Article
Full-text available
Lawn suggests four key priorities in the next crucial five years,1 but I would like to add a fifth—to focus on the needs of the existing health workforce in the 57 crisis countries, especially mid-level and primary healthcare workers. The …
Article
Full-text available
Lee and colleagues (Improving the quality of care for infants: a cluster ran-domized controlled trial, Aug. 10 online) have presented an intriguing evaluation of 2 QI interventions in their NICUs. The pulmonary group implemented only 23% of their own selected potentially useful practices, but with good effect. The infection group showed no pulmonar...
Article
Full-text available
Health care workers in developing countries continue to lack access to basic, practical information to enable them to deliver safe, effective care. This paper provides the first phase of a broader literature review of the information and learning needs of health care providers in developing countries. A Medline search revealed 1762 papers, of which...
Data
Publications included in literature review (references [1-35]).
Article
Providing access to reliable information for healthcare workers in developing countries is potentially the most cost-effective strategy for improving the quality of healthcare delivery.’ Yet there are many gaps in our understanding of information needs and the international community has hardly begun to build a coherent cross-sectoral approach to m...
Article
Full-text available
Poverty has deepened the crisis in health-care delivery in developing countries, particularly sub-Saharan Africa, which is a region facing a disease burden that is unmatched in the world. Whether access to proven and powerful information and communication technologies (ICTs) can improve health indicators is an ongoing debate. However, this brief re...
Article
Full-text available
In their randomised trial showing reduced in-hospital mortality after improved management of children under 5 years with malaria, Biai et al concede that “we cannot distinguish between the effect of supervising the implementation of the guidelines and the effect of the financial incentive in reducing mortality.”1 But this crucial point was lost in...
Article
Full-text available
Universal access to information for health professionals is a prerequisite for meeting the Millennium Development Goals and achieving Health for All. However, despite the promises of the information revolution, and some successful initiatives, there is little if any evidence that the majority of health professionals in the developing world are any...
Article
Full-text available
Although global spending on health research currently exceeds US$ 60 billion, less than 10% of it addresses the diseases and conditions that account for 90% of the global disease burden.1 Many biomedical researchers in developing countries are also professionally isolated by difficulties in accessing, generating, synthesizing and disseminating info...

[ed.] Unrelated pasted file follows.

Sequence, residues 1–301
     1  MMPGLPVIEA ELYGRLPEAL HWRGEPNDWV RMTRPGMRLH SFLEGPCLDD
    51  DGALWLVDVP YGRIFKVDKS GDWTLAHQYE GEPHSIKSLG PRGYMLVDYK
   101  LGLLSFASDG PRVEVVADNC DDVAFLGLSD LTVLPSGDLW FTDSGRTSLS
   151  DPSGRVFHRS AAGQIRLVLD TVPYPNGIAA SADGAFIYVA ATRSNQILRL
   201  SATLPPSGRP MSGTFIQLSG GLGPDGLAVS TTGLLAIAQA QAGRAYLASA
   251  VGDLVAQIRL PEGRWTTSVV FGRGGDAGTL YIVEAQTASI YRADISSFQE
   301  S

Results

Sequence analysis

Article
Full-text available
Hafeez and Mirza have assessed how seriously (or not) pharmaceutical companies take their responsibility to provide information on request to prescribers in Pakistan.1 Two of their conclusions are that “providing information on drugs is not a priority for companies in Pakistan” and that “the decision to respond to a request for more information the...
Article
Full-text available
Health workers in the developing world are starved of the information that is the lifeblood of effective health care.1 2 As a direct result, their patients suffer and die. In the words of the late James Grant, former executive director of Unicef, “The most urgent task before us is to get medical and health knowledge to those most in need of that kn...
Article
Full-text available
Universal access to information for health professionals is a prerequisite for meeting the Millennium Development Goals and achieving Health for All. However, despite the promises of the information revolution, and some successful initiatives, there is little if any evidence that the majority of health professionals in the developing world are any...
Article
Full-text available
In drawing up the Millennium Development Goals (MDGs), the international community has committed to reduce child mortality by two-thirds and maternal mortality by threequarters, and to reverse the spread of HIV/AIDS, tuberculosis and malaria by 2015. These goals will only be achieved if we focus on the needs of healthcare providers.

Network

Cited By

Projects

Project (1)
Project
www.hifa.org